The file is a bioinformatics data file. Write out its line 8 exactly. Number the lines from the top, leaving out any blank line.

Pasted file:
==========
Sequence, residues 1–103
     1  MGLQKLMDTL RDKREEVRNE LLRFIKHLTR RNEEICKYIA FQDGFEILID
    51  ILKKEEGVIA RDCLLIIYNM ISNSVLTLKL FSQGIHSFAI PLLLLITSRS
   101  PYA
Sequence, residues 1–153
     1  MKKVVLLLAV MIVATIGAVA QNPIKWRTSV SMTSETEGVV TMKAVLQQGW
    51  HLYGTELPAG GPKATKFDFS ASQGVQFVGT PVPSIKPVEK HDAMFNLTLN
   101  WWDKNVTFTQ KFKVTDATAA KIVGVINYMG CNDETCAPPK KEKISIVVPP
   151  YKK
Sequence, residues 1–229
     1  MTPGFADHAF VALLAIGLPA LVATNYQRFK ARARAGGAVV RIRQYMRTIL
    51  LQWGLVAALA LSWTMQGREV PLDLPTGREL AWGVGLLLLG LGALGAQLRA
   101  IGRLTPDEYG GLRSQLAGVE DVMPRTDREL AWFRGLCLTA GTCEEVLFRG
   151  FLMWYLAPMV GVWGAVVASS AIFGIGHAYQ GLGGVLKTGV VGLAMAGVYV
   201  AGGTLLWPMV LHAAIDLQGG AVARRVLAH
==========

   101  WWDKNVTFTQ KFKVTDATAA KIVGVINYMG CNDETCAPPK KEKISIVVPP